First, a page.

A prototype is an easily scalable and modifiable model of a planned system, probably including its interface and its input and output functionality.
In other words, a prototype is a map for the development of an entire system, because in them it’s necessary to pose, represent, demonstrate and simulate all the functionalities that the system will have.
If the prototype is poorly designed or structured, it’s very possible that the system doesn’t respond in the most optimal way or that is not what the client wants.
In my opinion, there are 10 advantages that can be obtained by developing a good prototype:
- Users get more satisfaction with the system when it starts with the execution of a prototype.
- A prototype can provide the conceptual test needed to consolidate system processes.
- It helps define the operations and functionalities that the system will have.
- It solves certain doubts that may arise in the project planning stage.
- It allows to determine the possible users of the system.
- It prevents unpleasant surprises by highlighting incomplete or inconsistent requirements and lack of functionality.
- It prevents misunderstandings between developers and customers.
- It reduces re-design costs if problems are detected early.
- It allows to strengthen the specification of the requirements.
- It helps make it easier to operate and use the system.
In order to achieve these and more benefits, a prototype must be created in order that customers, users and system developers can interact with it. In addition, it should be simple to create and modify. In many cases it doesn’t matter that you have a not so detailed graphic design, this prototype is for the customer to have a clearer idea of how your system will look.
Also, although the prototype is very helpful by the points mentioned above, it doesn’t reflects perfection. And this happens because we can overlook some details at the time of prototyping or didn't pay much attention to them or because the customer forgot to mention them during the prototyping process, during validation or mentioned once the mockup was already validated.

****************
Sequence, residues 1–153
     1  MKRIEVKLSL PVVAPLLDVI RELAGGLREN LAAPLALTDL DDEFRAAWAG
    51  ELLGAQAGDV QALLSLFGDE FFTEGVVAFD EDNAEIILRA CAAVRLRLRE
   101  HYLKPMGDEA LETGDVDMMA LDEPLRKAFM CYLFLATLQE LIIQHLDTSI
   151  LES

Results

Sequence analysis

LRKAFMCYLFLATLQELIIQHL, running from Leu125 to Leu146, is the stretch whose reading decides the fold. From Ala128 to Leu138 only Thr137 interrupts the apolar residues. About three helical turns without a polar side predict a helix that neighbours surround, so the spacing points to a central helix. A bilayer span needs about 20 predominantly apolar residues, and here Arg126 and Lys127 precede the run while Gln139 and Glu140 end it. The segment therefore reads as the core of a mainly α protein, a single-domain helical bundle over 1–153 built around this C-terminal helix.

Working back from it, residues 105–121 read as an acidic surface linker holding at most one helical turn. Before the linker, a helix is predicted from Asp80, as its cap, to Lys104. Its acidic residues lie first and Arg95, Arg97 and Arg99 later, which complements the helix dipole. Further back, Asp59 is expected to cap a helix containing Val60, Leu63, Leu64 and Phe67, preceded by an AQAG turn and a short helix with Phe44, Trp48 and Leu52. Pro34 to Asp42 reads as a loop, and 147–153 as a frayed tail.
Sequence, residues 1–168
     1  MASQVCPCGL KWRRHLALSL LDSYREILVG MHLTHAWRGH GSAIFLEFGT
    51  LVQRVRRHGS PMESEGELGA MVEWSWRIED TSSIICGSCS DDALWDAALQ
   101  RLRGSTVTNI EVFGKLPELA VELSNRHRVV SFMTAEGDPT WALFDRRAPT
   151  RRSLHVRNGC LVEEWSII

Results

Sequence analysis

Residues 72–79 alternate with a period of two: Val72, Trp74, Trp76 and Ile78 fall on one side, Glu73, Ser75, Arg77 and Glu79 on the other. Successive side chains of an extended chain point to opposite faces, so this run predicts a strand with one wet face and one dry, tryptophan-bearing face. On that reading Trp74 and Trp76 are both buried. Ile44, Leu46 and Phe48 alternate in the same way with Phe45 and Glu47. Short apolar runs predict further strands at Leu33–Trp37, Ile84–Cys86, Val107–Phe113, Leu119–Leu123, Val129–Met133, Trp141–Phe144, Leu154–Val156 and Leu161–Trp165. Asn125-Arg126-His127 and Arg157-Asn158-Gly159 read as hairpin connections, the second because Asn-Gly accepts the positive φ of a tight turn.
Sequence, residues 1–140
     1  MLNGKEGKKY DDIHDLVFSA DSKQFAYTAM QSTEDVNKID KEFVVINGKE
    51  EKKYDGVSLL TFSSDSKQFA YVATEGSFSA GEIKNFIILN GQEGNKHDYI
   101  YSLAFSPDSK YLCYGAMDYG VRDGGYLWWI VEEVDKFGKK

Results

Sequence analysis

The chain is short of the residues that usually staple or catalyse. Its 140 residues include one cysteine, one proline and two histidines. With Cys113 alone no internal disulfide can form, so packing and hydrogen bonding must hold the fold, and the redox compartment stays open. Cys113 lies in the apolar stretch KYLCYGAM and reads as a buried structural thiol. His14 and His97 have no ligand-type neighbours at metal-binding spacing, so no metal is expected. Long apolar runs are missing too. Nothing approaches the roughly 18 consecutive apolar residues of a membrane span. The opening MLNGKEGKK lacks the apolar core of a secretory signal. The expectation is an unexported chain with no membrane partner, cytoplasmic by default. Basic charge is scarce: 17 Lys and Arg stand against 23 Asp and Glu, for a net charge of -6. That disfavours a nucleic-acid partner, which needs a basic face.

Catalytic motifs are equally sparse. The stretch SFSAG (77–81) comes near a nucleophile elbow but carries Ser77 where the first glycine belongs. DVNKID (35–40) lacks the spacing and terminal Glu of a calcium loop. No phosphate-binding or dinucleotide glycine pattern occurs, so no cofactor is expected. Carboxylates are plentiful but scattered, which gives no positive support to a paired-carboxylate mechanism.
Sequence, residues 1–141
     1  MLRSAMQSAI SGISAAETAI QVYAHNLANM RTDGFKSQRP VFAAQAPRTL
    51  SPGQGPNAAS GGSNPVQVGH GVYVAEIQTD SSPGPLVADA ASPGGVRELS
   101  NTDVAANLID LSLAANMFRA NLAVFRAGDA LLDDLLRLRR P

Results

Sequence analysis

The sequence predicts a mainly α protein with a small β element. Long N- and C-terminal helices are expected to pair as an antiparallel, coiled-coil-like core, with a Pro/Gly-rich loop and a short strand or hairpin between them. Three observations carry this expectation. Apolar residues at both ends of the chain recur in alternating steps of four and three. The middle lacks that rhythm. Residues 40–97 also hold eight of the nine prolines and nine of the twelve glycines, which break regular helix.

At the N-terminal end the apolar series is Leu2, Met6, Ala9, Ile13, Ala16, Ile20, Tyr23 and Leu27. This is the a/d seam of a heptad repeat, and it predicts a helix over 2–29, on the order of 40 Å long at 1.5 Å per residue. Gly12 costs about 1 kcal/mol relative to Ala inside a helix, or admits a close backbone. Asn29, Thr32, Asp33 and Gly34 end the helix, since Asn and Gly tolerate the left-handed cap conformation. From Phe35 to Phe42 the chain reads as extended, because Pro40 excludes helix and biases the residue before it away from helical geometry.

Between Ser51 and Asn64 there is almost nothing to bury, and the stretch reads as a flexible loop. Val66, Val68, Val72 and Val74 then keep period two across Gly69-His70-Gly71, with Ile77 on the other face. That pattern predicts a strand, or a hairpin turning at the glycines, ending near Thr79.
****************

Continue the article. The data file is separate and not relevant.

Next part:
But it is better that these points come to the fore during the analysis and prototyping phase than during the development phase, in that way, we can attack them from the beginning.
On the other hand, some of the tools that can be used to develop prototypes are:
- Paper and pencil.
- MobiOne for mobile prototype development.
- Pencil, among others.
Creating prototypes and gaining advantages from them is an evolution process in which you will go through many situations and learn from each one.
The usual feedback goes from what you have done is completely useless or is not what the client wants, to what you have done is a prototype with which the client is amazed and thinks the idea you have developed for his system is great; however, most of the times you will have to create several versions until the client approves the Mock Up.
Once, I had to create 12 versions of a same prototype and this was because every time a new version was presented to the client, they would need some additional features and fields that had not been considered at the beginning. The good thing is that with version number twelve, the prototype could be closed and we obtained the acceptance and conformity of our client.
During a second opportunity, I created with a lot of effort a prototype which was accepted by the client and at the moment when the project was about to enter the development stage, the customer selected another vendor. With them they developed the graphic design and the site with the structure and architecture used and shown in the prototype that I created. Without a doubt, this is the most curious situation that has happened to me so far.
I hope I’ve been able to help all those people who ask themselves the question of why making a pre-development prototype. And don’t forget that all the functionalities can be written on paper, but that does not provide any clear idea of what you really want to develop and how it is going to be presented to each of the users that may have the system.
Jeffrey Pinedo Köhler
Project Manager at Tekton Labs